Payments technology provider Fidelity National Information Services (FIS) and its NYCE debit network have secured a licensing agreement with Visa to use the card brand's EMV debit application identifier (common AID) technology.
It's the first formal EMV license for NYCE and allows merchants and issuers on the network to have routing choices for Visa card transactions, Jacksonville, Fla.-based FIS states in an April 1 press release.
Visa is providing the common AID to debit networks free of charge and allowing long-term access while supporting all authentication types, FIS says.
"Our challenge has been deploying EMV solutions in the U.S. without disrupting the business goals of any industry participant, Bob Woodbury, senior vice president and general manager of FIS Payments Networks, says in the release. This agreement will now enable us to offer this Visa-NYCE solution to all NYCE participants and will complement FIS substantial EMV card production and processing capabilities."
FIS is a founding member of the Debit Network Alliance, which was created to advance the use of a common AID for independent networks. The NYCE debit network is a member of the steering committee for the EMV Migration Forum and chairs the Debit Network Alliance.
The card brands and independent networks have worked on a common AID solution for two years. The debate took center stage for those planning for EMV smart card migration in the U.S. after it became apparent that Durbin amendment mandates for merchants to have at least two unaffiliated networks available for debit transactions would require new card coding on EMV cards. No other country using EMV technology had multiple debit networks to consider for routing.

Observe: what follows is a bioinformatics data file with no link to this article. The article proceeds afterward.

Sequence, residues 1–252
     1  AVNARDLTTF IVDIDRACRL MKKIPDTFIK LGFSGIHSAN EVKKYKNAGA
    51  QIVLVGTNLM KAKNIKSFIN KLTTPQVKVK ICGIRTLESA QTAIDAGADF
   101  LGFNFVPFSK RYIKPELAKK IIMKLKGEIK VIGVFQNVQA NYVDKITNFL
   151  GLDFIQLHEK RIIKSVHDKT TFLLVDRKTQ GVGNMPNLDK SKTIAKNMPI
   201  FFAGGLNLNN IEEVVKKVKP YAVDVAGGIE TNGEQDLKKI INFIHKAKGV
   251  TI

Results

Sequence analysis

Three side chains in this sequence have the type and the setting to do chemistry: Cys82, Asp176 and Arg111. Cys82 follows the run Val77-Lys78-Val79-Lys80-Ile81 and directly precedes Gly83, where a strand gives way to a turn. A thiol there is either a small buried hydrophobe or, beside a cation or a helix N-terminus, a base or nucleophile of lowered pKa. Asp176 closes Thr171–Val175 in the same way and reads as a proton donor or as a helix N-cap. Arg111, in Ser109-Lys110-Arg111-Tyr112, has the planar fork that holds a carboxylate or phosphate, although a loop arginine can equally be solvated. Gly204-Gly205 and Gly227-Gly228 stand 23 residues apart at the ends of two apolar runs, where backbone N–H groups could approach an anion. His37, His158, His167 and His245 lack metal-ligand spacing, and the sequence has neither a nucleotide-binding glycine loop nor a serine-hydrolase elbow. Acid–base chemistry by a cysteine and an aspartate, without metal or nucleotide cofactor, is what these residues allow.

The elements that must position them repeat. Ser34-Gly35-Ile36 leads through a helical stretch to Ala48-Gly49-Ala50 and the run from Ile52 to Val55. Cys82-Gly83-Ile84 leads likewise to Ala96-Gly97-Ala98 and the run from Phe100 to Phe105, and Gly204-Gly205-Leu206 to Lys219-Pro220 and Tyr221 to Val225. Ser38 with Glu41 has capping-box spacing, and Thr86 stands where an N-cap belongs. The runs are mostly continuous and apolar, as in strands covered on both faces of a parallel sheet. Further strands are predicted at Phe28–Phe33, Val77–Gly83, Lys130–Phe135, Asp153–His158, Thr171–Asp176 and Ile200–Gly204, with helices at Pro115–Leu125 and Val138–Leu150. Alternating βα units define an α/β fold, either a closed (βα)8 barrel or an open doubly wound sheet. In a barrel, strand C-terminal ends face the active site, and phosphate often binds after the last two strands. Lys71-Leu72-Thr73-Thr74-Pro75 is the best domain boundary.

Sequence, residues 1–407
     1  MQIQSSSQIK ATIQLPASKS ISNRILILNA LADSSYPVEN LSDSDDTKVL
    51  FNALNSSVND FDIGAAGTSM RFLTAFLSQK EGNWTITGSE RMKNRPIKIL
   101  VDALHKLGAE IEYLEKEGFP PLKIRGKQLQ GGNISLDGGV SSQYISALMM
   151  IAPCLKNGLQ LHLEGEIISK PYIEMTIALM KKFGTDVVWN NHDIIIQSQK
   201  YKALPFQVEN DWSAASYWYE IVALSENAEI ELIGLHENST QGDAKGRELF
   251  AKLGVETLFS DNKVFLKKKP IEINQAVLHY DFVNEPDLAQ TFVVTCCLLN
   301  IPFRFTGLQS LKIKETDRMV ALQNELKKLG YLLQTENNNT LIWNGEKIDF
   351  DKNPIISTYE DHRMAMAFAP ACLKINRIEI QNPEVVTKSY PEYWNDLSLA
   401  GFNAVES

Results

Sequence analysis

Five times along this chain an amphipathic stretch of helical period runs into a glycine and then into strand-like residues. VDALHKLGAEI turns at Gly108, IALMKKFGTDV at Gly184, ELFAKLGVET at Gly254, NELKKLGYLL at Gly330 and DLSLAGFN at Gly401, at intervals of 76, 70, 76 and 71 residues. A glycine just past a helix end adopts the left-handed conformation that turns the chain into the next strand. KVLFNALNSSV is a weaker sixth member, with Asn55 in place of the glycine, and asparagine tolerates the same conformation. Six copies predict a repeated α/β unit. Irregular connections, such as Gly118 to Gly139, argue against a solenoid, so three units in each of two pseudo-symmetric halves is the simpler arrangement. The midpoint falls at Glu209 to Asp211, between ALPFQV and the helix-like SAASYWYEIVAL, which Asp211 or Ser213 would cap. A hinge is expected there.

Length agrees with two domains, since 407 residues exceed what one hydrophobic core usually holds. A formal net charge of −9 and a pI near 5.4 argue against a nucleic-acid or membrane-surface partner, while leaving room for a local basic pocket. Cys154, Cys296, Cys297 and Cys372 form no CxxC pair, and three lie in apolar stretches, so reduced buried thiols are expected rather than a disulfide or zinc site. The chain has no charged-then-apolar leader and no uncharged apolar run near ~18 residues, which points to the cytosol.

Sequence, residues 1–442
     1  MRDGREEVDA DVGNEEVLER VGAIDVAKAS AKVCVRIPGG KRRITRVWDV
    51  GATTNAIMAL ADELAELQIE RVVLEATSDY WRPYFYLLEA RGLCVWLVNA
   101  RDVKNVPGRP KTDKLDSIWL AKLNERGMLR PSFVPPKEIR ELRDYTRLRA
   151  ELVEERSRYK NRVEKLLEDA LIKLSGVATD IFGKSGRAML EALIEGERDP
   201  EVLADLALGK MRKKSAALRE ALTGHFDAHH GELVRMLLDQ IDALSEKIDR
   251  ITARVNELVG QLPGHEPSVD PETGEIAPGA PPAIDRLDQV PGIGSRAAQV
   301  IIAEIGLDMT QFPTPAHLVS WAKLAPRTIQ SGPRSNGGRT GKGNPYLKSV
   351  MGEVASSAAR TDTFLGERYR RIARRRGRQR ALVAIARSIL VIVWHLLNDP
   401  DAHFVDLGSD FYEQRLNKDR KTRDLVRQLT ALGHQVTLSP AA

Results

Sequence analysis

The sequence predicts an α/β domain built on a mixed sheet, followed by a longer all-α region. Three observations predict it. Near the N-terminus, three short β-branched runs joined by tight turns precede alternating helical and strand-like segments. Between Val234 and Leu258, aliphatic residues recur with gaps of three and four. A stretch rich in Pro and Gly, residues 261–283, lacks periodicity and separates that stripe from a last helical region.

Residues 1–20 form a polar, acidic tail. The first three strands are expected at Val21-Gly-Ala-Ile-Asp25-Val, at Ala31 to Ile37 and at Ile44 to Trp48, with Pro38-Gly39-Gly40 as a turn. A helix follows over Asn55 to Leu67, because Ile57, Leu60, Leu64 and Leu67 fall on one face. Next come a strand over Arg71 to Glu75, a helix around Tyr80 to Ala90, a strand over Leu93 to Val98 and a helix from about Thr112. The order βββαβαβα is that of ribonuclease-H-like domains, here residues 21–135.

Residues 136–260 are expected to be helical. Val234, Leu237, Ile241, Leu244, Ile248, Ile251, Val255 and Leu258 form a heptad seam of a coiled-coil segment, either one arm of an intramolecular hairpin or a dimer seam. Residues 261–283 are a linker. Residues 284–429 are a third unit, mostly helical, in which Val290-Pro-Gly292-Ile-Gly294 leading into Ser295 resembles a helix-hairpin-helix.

As a result of licensing agreements between Visa and network operators, Visa issuers will now have one application with two application identifiers. One identifier is for Visa transactions, while the other is the common AID for Interlink, Maestro, Pulse, Star, Accel and, now, NYCE debit network transactions. As other networks adopt Visa's technology, they would be added to the common AID routing capabilities.
The same scenario would hold true for MasterCard issuers, though one identifier would be for MasterCard transactions. Debit networks must sign agreements with both card brands.
The agreement for the NYCE network marks another in what was expected to be a series of contracts after First Data secured its deal with Visa in late February to use the common AID on the Star Network.
Prior to the string of licensing agreements, executives at Visa and MasterCard predicted
the card brands and networks were getting closer to resolving the common AID debate because of a new-found collaborative spirit triggered by the Target data breach.